Month: February 2016

A Tiny Valentiny Story!

If you recall, last Halloween, I posted a 100-word story I wrote as an entry to Susanna Hill’s Halloween story contest. Telling a story in so few words challenged me and taught me to tighten my word count – a lot! I laugh when I remember the word counts I was hitting on my picture book manuscripts years ago. Dare I admit to 12oo-word stories?

For Valentine’s Day, Susanna has another contest, and yeah, we get more than 100 words to write this one in. Because Valentine’s Day is on  February 14th or 2-14, entries can be up to 214 words.  What will I do with all those extra words I’m allotted?

The one condition is that the stories entered must have a grumpy character.

So, without further delay, I present you with my Valentine story.




Leslie Leibhardt Goodman

     When Mrs. Pinkly’s class drew Secret Valentine names, Bart pretended to pull a

name.“Valentine’s are for girls!” He tossed the bag to Ruby.

“And boys.”  Ruby said, batting her eyes. “Look who I picked!”

“Nobody EVER gives good presents,” Bart grumbled.

Mrs. Pinkly waved a slip. “Who doesn’t have their secret Valentine for tomorrow?”

Everyone waved…

…except Bart.

At home, Bart unfolded his slip. “RUBY!” He groaned. He raced to his mom to complain.

“Want to help frost Valentine cookies?” Mom said.

“No!” Bart stomped away. “Valentines are for girls.”

Bart’s sister, Molly, handed him a heart. “Help me cut doily valentines,” she said.

“Yuck!” Bart crumpled the heart. “Valentine’s are for girls.”

Dad will understand, thought Bart.

“Want to come buy flowers and candy for Mom?” Dad said.

“No!” Bart said. “Valentine’s are for girls.”

The next morning, Ruby was absent for the gift exchange.

At lunch, Bart ate his sandwich, even though his mom cut it heart-shaped. But he refused to eat the Valentine cookie.

After lunch, Ruby dashed in the classroom, clutching a box. “Happy Valentine’s day, Bart!” she sang.

Bart lifted the lid. “A turtle?”

“I had two,” Ruby said. “Now we each have one.”

“Maybe Valentine’s are for boys, too,” Bart said, giving Ruby his Valentine’s Day cookie.

PPBF Looks at Star Stuff

When you were a child, did you discover anything that made you curious? And when a grownup gave you an explanation, did their answer send you searching for more answers to your new questions? This is what happened to Carl Sagan when, as a child, he wondered what the stars were. Today, for Perfect Picture Book Friday, I want to share a wonderful book about one boy’s curiosity and how furthering his knowledge brought him to his life’s passion and career.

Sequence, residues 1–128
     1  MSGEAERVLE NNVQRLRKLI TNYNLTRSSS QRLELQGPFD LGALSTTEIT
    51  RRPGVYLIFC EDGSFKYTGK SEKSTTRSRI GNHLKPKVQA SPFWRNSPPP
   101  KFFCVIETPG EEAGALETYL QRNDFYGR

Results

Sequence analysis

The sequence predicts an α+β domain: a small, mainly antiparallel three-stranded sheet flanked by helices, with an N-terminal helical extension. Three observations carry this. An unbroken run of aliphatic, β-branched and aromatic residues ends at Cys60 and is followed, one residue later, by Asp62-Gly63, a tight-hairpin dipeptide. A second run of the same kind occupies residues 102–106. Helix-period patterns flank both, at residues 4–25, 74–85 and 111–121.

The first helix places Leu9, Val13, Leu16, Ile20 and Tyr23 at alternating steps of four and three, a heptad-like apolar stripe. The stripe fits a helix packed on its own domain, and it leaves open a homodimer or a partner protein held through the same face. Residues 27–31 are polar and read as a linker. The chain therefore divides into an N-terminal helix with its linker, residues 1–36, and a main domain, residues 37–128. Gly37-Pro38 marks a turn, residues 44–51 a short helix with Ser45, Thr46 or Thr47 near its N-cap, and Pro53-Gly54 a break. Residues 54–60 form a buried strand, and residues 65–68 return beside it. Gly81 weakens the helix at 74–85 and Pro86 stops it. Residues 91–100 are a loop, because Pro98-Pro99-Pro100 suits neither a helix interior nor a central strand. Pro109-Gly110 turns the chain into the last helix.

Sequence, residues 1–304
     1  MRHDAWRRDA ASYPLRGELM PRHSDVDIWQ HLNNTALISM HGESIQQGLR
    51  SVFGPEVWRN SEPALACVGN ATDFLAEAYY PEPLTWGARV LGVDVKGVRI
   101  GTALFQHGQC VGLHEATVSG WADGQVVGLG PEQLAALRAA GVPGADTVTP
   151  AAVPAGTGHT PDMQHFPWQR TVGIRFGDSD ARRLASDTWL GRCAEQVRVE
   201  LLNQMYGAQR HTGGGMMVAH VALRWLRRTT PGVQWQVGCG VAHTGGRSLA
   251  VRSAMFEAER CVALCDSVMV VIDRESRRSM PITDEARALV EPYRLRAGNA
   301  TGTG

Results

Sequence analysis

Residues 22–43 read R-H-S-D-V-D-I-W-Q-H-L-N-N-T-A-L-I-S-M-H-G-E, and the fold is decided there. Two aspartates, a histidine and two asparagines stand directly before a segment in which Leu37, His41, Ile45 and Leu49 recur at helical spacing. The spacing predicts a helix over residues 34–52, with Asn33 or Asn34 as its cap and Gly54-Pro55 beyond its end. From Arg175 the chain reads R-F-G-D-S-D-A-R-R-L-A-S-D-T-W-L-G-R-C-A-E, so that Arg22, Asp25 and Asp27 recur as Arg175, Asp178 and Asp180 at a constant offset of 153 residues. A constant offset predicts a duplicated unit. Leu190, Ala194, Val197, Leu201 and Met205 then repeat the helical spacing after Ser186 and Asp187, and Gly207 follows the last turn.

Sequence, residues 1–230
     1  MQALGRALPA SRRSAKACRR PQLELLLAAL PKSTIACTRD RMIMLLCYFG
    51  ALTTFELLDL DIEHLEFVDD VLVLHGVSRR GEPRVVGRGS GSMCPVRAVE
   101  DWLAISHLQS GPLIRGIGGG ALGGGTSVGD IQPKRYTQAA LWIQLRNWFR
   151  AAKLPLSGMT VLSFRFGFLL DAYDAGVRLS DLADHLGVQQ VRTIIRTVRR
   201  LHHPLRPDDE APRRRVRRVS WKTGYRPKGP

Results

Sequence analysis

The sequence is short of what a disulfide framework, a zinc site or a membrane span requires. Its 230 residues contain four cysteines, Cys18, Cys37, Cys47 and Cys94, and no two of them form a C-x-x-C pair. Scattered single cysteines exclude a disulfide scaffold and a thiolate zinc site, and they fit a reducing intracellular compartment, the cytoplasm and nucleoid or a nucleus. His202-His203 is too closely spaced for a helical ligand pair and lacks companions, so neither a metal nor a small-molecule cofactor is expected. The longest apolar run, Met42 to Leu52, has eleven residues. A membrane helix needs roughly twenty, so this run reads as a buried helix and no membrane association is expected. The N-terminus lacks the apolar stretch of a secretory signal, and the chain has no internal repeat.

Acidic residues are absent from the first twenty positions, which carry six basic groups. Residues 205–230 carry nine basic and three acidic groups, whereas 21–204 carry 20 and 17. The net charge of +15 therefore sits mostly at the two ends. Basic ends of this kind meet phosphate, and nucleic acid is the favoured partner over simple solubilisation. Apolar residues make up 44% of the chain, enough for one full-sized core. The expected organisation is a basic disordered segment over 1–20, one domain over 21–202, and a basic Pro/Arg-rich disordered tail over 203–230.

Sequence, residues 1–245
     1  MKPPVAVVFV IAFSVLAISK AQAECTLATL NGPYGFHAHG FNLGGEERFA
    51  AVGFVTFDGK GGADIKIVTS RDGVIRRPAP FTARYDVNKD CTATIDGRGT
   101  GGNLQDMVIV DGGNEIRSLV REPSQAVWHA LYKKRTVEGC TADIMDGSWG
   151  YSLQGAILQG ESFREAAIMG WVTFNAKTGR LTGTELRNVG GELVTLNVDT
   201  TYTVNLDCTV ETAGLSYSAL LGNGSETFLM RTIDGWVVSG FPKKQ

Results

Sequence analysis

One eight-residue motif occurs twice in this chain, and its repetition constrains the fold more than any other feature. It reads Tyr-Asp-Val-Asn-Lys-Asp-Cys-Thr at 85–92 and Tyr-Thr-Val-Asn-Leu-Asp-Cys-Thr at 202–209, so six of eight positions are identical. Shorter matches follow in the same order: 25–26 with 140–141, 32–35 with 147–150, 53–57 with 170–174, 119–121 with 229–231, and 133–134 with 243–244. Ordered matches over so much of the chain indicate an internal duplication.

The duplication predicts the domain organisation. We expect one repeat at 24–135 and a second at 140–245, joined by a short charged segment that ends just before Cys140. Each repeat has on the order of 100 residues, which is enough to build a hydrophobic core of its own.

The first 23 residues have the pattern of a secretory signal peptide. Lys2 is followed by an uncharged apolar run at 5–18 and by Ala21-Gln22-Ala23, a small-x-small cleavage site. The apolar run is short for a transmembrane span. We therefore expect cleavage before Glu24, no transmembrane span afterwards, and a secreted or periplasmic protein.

Title – Star Stuff – Carl Sagan and the Mysteries of the Cosmos – view on Amazon here.

Written and Illustrated by – Stephanie Roth Sisson

Published by – Roaring Book Press -2014

Suitable for ages – 4-8

Topics/theme  curiosity – astronomy

Opening – In the Milky Way galaxy… In a neighborhood of stars… On the third planet from our sun… In a big city… In a small apartment… Lived a boy named Carl.

Jacket copy  – Once a young boy looked up at the sky and wondered about stars. He wanted to know where they come from and what they are made of. So he went to the library and read books about space and the solar system. He imagined going to far away planets and learning what they are like. And when he grew up he made it his life’s work to tell everyone all the wonderful things he had learned about star stuff. This the story of Carl Sagan, the beloved scientist who taught the world to marvel at the mysteries of the cosmos and continues to inspire generations of dreamers and stargazers.

Amazon Review – For every child who has ever looked up at the stars and asked, “What are they?” comes the story of a curious boy who never stopped wondering: Carl Sagan.

When Carl Sagan was a young boy he went to the 1939 World’s Fair and his life was changed forever. From that day on he never stopped marveling at the universe and seeking to understand it better. Star Stuff follows Carl from his days star gazing from the bedroom window of his Brooklyn apartment, through his love of speculative science fiction novels, to his work as an internationally renowned scientist who worked on the Voyager missions exploring the farthest reaches of space. This book introduces the beloved man who brought the mystery of the cosmos into homes across America to a new generation of dreamers and star gazers.

Why do I like this book? Having a dad who was an astrophysicist, discussions of space travel, stars, and planets was a typical and favorite topic of discussion at the dinner table. When Carl Sagan Broadcast his TV show in 1980, The Cosmos: A Personal Voyage, my family gathered in the living room each week to watch the entire series. And now this picture book is available to inspire a new generation of star gazers and it is sure to whet their appetites about our marvelous galaxy. Or perhaps a young reader will follow the great example of Carl Sagan and take something that interests them, learn as much as they can on the subject, and see where their dream takes them.

Author – Visit the author’s blog here.

Learn more about Carl Sagan here. This website includes the beautiful music from the TV Program he presented in 1980.